This is the first time a major English adaptation of the story uses the surname MacArthur for the General (Sam Neill). The General's name was changed to either MacKenzie or Mandrake for the stage and early screen to avoid referencing WWII hero, General Douglas MacArthur.
The soldier figurine designs were inspired by the characters themselves; a deliberate move by the art direction. (e.g. The figurine representing Mrs. Rogers is weakly sculpted and hunched, the Lombard figure is stacked and protruding, commanding-like.)
When Audrey is typing the invitations, the letterhead on the papers shows that the name of the house on Soldier Island is India House. For most of the years the novel has been in print, the island's name was Indian Island, and the poem referred to ten little "Indians".
Promotional material prior to the show's airing revealed plot devices later dropped from the final production, including a promo shot of Vera Claythorne (Maeve Dermody) in her room with seaweed hanging from the hook. This is directly from the book where seaweed was used as a planted distraction. This scene is changed in the show, resulting in a plot hole where there is no deliberate distraction planted for the killer's mechanics to work, and is left to chance instead. A promotional photo first shown in an article on telegraph.co.uk showed two actors as Sir Thomas Legge and Inspector Maine from the book's epilogue, which was deleted for the show.
And Then There Were None was the first Agatha Christie novel that screenwriter Sarah Phelps read. She admitted that she had never read any of Agatha Christie's stories, nor had she ever watched any Agatha Christie film or TV adaptions prior to this job.
The character of Anthony Marston (Douglas Booth) had previously been changed to a Russian Prince (1945), a pop singer (1965), and a French crooner (1974). He was named Anthony Marston in the 1989 version, and this is the first version where his victims are children.
The GWR open carriage used by some of the characters to travel to the embarkation point is Carriage 650 from the Severn Valley Railway originally built in 1913. It was restored by the SVR Great Western Association and was the Overall Winner of the Heritage Railway Association Carriage and Wagon Award 2015.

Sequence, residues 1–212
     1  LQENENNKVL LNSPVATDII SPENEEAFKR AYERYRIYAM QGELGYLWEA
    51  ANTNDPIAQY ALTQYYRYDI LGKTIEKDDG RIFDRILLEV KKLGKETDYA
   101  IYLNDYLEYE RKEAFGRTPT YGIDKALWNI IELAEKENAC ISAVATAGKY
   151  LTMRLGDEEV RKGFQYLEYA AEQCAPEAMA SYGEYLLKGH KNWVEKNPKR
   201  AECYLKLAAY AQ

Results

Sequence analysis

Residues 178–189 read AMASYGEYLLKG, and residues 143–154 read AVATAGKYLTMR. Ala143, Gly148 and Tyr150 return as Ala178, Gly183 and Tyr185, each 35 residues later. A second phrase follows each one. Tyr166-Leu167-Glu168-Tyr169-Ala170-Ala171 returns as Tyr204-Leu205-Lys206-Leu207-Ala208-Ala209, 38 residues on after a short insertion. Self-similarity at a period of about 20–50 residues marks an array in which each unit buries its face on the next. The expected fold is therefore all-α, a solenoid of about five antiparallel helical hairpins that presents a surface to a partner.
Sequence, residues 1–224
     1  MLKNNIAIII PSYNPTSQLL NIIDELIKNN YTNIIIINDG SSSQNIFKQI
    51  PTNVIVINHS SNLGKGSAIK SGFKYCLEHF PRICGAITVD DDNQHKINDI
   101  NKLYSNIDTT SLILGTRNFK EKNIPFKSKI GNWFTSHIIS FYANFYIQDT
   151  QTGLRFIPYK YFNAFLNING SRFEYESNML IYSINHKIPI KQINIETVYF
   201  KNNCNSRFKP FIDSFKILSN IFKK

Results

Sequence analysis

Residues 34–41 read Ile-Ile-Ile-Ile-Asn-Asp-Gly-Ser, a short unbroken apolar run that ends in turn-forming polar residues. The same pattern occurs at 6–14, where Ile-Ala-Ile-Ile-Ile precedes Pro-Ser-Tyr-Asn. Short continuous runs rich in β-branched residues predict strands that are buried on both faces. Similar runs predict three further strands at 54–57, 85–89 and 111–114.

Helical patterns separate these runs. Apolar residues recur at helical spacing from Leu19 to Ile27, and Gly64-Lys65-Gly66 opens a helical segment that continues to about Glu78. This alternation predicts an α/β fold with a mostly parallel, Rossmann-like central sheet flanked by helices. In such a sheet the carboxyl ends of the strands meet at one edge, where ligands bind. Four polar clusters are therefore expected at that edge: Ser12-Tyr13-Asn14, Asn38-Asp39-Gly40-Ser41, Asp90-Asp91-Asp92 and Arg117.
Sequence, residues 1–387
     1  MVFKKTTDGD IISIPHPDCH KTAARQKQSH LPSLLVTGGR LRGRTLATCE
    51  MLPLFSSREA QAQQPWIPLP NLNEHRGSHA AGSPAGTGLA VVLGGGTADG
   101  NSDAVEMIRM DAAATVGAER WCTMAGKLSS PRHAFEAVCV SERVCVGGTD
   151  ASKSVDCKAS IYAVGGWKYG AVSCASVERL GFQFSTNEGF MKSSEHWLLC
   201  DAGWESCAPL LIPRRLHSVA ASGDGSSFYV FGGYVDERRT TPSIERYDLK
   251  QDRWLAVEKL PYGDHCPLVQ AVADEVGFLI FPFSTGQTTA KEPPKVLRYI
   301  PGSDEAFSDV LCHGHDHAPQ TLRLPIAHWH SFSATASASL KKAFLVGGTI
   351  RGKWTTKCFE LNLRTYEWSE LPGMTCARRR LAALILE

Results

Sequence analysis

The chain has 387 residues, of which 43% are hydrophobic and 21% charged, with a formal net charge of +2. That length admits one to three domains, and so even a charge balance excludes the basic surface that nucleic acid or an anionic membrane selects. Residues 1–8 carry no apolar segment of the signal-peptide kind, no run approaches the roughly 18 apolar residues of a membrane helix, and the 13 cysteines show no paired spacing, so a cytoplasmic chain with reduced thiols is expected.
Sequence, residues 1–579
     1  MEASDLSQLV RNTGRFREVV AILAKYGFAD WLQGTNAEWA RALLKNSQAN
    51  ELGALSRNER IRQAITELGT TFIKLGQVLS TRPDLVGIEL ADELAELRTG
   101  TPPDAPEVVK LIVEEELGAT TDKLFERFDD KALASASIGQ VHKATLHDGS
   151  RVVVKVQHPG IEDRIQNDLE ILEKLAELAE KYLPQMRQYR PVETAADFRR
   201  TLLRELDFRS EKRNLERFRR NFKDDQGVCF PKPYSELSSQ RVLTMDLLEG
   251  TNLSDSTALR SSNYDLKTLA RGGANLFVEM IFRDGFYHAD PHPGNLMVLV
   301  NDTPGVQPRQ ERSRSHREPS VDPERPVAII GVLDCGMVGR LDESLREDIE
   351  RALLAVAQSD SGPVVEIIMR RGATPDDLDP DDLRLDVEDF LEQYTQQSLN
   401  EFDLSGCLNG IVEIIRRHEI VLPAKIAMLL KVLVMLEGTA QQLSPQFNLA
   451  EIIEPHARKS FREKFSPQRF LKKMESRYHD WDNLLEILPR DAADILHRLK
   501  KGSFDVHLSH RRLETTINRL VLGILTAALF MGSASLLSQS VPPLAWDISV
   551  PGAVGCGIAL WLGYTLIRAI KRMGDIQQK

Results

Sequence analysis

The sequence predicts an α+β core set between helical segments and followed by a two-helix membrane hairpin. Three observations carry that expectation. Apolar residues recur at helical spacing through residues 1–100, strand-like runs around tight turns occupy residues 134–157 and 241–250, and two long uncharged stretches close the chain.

The ending is different from the novel. In the novel, Wargreave doesn't confront Vera before she dies. Instead there is an epilogue with two police officers investigating the massacre and, as 5he Judge predicted, being baffled by who may have done it. The judges culpability is discovered from a message in a bottle where he confesses to the crime out of a sense of vanity. The idea of work Reeve confronting his final victim is taken from the stage play, which was also written by Agatha Christie. She change the ending because she felt that the one from the novel would not work well on stage.
The trivia items below may give away important plot points.
This is the first and only English adaptation of the story which follows the ending of the original novel. All previous productions followed the stage play except for the Soviet version Ten Little Indians (1987).
Noah Taylor, Burn Gorman, and Charles Dance all played characters in Game of Thrones (2011) that met their gruesome deaths during Season 4. Dance's Tywin Lannister is killed by his son Tyrion with a crossbow during episode 10 "The Children". Taylor's Locke has his neck broken by the half-giant Hodor who Bran Stark had warged into during episode 5 "First of his Name". Gorman's Karl Tanner also meets his end during episode 5 when Jon Snow stabs him through the head with his sword. Consequently they all meet their ends in the same order as their characters in "And Then There Were None"; Noah Taylor first, Burn Gorman after and Charles Dance last.
In addition to Noah Taylor, Burn Gorman, and Charles Dance having roles in this and 'Game of Thrones' (2011), their character roles are very similar to one another between both series. Noah Taylor plays manservant Rogers, and subordinate named Locke in Game of Thrones, who is subservient to Roose Bolton. Burn Gorman plays corrupt cop Blore, and an ex-criminal watchman Karl Tanner, a member of the Nights Watch which polices over The Wall. Lastly, Charles Dance plays Judge Wargrave, and also Tywin Lannister who prominently presides over court in the trial of his son, Tyrion.